If whatever gut flora enterotype we are could play an important role in our risk of developing chronic diet-associated diseases, can we alter our gut microbiome by altering our diet? Yes. Indeed, diet can rapidly and reproducibly alter the bacteria in our gut.
Concern has been growing that recent lifestyle trends—most notably the high-fat and high-sugar so-called Western diet—have altered the composition and activity of our resident gut flora. “Such diet-induced changes to gut-associated microbial communities are now suspected of contributing to growing epidemics of chronic illness in the developed world,” yet it has remained unclear how quickly our gut bacteria could respond to dietary change. So, researchers prepared two diets: a “plant-based diet” rich in grains, beans, fruits, and vegetables, and an “animal-based diet” composed of meats, eggs, and cheeses. Neither diet contained refined sugars, as the researchers just wanted to test diets consisting of plant versus animal products. Within just one day of the animal-based diet hitting the gut, there was a significant shift.
What happens when you put a lifelong vegetarian on an animal-based diet? The vegetarian’s baseline microbiota was dominated by Prevotella, unlike everyone else eating a more standard American diet, who had large Bacteroides populations. Remarkably, the animal-based diet inverted the vegetarian’s Prevotella-to-Bacteroides ratio, causing the Bacteroides to outnumber the Prevotella within just four days on the animal-based diet. The entire gut flora got turned on its head and got completely reversed.
The fact that our gut can so rapidly switch between herbivorous and carnivorous functional profiles is probably a good thing in terms of evolution. If you bring down a mammoth and eat meat for a couple of days before switching back to plants, you want your gut to be able to deal with it. This flexibility is manifest in the diversity of human diets to this day, but what is the healthier state to be in most of the time?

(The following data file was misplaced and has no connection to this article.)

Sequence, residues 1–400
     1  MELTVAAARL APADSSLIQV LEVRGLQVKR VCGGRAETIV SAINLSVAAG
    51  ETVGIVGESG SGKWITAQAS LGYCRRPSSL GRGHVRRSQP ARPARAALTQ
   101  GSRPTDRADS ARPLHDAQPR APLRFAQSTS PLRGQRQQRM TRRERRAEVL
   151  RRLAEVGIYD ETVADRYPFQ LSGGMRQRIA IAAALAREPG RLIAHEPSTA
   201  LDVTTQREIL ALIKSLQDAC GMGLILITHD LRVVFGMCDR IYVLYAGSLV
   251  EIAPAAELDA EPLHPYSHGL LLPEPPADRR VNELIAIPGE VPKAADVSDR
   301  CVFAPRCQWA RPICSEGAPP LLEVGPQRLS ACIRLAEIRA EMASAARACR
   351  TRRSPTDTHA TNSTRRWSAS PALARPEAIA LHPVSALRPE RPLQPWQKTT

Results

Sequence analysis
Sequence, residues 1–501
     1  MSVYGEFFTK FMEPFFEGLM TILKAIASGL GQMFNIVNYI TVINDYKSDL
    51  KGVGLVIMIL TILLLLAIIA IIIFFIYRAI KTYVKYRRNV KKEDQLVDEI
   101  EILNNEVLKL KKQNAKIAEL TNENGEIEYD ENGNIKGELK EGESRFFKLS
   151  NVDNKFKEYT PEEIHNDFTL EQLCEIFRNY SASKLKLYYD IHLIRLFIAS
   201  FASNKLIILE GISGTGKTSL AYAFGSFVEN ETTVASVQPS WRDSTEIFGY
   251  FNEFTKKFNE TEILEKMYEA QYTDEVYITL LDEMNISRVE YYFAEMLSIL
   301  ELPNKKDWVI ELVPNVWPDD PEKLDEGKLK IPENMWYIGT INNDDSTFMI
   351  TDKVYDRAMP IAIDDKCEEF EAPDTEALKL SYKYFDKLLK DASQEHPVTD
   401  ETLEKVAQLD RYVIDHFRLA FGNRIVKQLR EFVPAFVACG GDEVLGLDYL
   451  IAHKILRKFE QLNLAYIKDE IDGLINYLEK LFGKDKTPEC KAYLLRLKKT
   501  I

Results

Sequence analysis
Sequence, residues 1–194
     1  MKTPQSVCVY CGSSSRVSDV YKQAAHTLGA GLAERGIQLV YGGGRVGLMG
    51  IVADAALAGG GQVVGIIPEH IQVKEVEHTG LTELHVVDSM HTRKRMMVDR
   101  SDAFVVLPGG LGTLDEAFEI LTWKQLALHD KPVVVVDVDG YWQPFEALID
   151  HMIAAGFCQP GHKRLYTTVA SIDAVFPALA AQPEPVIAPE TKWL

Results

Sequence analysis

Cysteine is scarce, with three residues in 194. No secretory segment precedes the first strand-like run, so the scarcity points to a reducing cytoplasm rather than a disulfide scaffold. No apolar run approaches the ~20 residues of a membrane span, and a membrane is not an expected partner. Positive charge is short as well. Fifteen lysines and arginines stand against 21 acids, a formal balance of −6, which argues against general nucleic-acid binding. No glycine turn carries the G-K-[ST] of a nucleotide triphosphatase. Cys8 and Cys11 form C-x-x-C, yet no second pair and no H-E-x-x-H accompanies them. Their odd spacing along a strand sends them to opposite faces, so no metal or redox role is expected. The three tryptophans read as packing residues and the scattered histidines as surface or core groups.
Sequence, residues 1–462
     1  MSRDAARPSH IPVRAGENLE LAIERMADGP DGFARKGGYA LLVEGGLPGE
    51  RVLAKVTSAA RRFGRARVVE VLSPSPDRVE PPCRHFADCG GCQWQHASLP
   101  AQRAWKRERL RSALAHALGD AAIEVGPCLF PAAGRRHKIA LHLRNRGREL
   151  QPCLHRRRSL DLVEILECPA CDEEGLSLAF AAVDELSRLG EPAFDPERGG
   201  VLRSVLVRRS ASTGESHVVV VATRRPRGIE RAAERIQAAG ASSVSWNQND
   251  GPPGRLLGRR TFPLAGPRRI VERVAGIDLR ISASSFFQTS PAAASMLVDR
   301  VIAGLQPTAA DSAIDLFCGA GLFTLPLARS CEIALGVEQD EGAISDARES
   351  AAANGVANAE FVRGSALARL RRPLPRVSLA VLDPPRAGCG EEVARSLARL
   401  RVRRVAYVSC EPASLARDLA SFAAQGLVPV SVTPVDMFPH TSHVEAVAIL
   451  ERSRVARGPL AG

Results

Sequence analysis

Researchers looked at a number of different factors, such as the amount of short-chain fatty acids produced. Short-chain fatty acids, like acetate and butyrate, function to suppress inflammation and cancer, and our gut flora, when on plant-based diets, produce more of these than when on animal-based diets.
Other microbial metabolites, such as secondary bile acids, do the opposite, promoting the development of cancer. With a significant increase in bacterial enzyme activity to create these secondary bile acids on an animal-based diet, it’s no surprise there’s a significant increase in carcinogens like DCA, a secondary bile acid known to promote DNA damage and liver cancer. Microbial enzyme activity producing the rotten egg gas, hydrogen sulfide, also shoots up on an animal-based diet, which stinks because it’s stinky and also because it damages DNA and has been implicated in the development of inflammatory bowel diseases like ulcerative colitis. Hydrogen sulfide is made by pathogens such as Bilophila wadsworthia and is increased on the animal-based diet, again within just days of adopting it, supporting the link between diet and the outgrowth of microorganisms capable of triggering inflammatory bowel disease. Conversely, the only pathogen you see more of on a plant-based diet is just a virus that infects spinach.
Michael Greger, M.D.
PS: If you haven’t yet, you can subscribe to my free videos here and watch my live, year-in-review presentations—2015: Food as Medicine: Preventing and Treating the Most Dreaded Diseases with Diet, and my latest, 2016: How Not to Die: The Role of Diet in Preventing, Arresting, and Reversing Our Top 15 Killers.